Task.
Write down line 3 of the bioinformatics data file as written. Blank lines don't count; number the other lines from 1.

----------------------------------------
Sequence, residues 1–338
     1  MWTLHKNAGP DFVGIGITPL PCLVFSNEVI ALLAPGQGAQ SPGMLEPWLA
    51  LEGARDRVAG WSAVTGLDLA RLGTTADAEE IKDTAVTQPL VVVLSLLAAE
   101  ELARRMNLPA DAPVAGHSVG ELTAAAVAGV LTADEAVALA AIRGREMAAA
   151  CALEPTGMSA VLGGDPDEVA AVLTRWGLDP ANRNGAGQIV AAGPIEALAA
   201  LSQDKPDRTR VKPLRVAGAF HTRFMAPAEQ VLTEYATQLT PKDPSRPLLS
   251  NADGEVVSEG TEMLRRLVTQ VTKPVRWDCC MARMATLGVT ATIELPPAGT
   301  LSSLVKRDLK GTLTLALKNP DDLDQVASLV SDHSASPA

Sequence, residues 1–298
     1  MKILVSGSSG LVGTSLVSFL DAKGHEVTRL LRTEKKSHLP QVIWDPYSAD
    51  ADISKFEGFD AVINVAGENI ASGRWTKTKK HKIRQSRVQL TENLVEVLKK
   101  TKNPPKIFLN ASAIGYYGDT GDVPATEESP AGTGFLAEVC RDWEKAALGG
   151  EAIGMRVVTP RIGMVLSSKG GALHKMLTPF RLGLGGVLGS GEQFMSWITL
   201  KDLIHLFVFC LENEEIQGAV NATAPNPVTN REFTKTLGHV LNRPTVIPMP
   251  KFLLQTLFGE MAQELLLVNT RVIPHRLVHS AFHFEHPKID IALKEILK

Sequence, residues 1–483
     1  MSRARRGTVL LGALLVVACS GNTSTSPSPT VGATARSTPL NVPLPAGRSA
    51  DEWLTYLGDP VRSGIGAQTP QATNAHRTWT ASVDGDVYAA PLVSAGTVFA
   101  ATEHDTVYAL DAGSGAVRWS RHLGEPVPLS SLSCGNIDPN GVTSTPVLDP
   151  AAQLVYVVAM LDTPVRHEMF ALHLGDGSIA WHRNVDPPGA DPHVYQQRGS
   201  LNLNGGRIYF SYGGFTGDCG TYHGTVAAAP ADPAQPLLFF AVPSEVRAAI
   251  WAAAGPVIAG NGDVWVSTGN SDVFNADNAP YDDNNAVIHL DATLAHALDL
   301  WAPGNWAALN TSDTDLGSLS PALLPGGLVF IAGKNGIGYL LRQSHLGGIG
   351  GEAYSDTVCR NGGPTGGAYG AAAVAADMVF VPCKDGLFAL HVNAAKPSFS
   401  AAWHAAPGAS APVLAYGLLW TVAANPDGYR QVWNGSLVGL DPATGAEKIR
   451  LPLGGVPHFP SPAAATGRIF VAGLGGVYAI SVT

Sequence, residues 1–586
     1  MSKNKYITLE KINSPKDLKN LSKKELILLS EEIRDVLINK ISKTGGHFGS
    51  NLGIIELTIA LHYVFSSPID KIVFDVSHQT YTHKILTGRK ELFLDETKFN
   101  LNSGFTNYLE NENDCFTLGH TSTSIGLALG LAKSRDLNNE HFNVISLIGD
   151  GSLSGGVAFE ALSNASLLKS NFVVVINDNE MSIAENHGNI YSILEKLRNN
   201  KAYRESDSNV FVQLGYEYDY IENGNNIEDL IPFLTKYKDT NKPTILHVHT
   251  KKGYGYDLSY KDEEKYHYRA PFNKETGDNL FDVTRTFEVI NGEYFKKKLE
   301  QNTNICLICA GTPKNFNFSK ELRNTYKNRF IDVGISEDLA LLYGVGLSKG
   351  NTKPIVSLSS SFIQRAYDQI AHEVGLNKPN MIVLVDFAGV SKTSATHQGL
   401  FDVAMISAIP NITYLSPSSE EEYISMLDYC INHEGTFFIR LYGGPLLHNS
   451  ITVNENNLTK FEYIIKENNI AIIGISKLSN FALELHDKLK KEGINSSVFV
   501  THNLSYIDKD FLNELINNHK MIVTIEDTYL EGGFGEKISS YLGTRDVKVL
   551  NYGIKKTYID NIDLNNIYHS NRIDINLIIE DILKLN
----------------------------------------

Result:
    51  LEGARDRVAG WSAVTGLDLA RLGTTADAEE IKDTAVTQPL VVVLSLLAAE